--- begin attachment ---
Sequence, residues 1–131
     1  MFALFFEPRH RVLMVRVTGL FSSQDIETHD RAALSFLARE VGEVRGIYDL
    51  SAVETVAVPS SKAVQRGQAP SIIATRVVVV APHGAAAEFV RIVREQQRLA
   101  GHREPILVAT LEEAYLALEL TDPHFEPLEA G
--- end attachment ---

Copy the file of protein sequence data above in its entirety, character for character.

Sequence, residues 1–131
     1  MFALFFEPRH RVLMVRVTGL FSSQDIETHD RAALSFLARE VGEVRGIYDL
    51  SAVETVAVPS SKAVQRGQAP SIIATRVVVV APHGAAAEFV RIVREQQRLA
   101  GHREPILVAT LEEAYLALEL TDPHFEPLEA G